Wall Won’t Stop World Cup Bid

After a money losing venture in Brazil, questions about Russia 2018, Qatar 2022, a North America based World Cup makes sense.




FIFA’s President Gianni Infantino was ready to try a different approach in getting countries to bid for the World Cup.  Why not have a number of countries pool resources and ask for a chance at hosting the World Cup. The first bid for the 2026 FIFA World Cup has been submitted and it is from a three way partnership, Canada, Mexico and the United States.

“We will encourage co-hosting for the World Cup because we need FIFA to show we are reasonable and we have to think about sustainability long-term,” Infantino said. “It is perfectly in line with our sustainability and legacy to maybe bring together two, three, four countries who can jointly present a project with three, four, five stadiums each. We will certainly encourage it. Ideally the countries will be close to each other for the sake of ease of travel.”

The North American bid was good news for FIFA after getting some less than positive news from Qatar a few days ago. Qatar is hosting the 2022 World Cup.

Qatar doesn’t have the money to build everything the country said it could and is slashing the World Cup budget. The number of stadiums planned for the event will be reduced from 12 to eight. The planned Qatar World Cup was denounced in 2016 by Amnesty International which condemned working conditions for those who were building the facilities and infrastructure. The group made its position clear based on interviews it did with workers who were brought in to help construct the stadiums. Those workers lived in labor camps, were in debt and were not getting money that they were promised for taking the jobs. The workers also had their passports taken away and could not return home. In December, 2016, Qatar passed a law that allowed 1.6 million foreign workers who have completed work contracts to change jobs. Businesses who took away employees’ passports could be fined. But, a recent report from a firm hired by World Cup organizers found the enforcement of the law is lacking. Three workers said they had worked for 148 consecutive days without a rest, while more than three-quarters of the 253 workers interviewed said they paid recruitment fees to agents in their home countries.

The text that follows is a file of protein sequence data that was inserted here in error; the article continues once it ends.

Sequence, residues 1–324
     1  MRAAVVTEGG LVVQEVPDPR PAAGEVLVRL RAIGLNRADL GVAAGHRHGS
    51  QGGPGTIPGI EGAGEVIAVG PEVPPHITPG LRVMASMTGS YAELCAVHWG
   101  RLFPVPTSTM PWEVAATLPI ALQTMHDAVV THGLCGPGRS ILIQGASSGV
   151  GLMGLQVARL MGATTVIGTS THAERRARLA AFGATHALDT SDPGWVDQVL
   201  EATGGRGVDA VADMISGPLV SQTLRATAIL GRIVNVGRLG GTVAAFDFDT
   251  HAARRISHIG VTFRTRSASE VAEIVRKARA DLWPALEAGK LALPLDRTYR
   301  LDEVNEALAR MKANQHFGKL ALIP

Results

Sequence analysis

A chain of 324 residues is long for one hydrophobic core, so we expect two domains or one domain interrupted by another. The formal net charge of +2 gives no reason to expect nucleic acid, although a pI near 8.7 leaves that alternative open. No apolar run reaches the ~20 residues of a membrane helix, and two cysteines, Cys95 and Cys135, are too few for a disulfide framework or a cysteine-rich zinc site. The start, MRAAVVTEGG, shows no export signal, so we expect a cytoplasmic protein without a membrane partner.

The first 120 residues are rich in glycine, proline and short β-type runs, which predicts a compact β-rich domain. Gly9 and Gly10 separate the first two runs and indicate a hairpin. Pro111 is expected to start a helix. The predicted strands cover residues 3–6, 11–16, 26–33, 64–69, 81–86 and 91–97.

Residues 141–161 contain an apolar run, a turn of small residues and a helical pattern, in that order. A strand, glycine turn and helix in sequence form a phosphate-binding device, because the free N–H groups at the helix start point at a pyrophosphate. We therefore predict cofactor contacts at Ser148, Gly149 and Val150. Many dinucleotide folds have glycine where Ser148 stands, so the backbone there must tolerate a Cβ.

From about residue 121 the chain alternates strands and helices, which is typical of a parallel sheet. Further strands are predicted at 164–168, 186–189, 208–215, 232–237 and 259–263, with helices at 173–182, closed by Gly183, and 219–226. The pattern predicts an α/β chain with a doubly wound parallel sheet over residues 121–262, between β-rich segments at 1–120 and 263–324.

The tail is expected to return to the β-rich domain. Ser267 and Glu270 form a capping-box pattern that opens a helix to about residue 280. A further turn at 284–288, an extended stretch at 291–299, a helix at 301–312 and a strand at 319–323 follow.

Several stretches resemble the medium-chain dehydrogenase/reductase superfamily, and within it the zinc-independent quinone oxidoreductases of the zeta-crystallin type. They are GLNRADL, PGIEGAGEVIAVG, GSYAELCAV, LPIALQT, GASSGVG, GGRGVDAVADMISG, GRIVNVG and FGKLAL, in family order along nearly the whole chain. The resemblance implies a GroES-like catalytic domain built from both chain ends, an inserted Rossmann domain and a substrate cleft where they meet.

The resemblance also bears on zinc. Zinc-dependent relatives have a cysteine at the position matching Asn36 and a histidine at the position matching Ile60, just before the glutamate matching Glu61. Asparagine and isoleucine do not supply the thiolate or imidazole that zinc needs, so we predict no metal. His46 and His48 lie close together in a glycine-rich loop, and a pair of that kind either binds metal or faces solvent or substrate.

In the 2016 Amnesty International report, it was estimated that as many as 1,200 workers died since the construction of the facilities started in 2010. The Qatar tourney also drew the attention of the United States government, which went after FIFA with 14 people arrested and charged with bribery, money laundering and fraud in the bidding for the 2018 Russia and 2022 Qatar World Cups. Could the tournament be moved? Theoretically yes. The 1986 tournament was moved from Columbia to Mexico because of worsening economic conditions in Columbia in 1983. Qatar still has the event.

The US and Mexico along with Canada want the 2026 World Cup.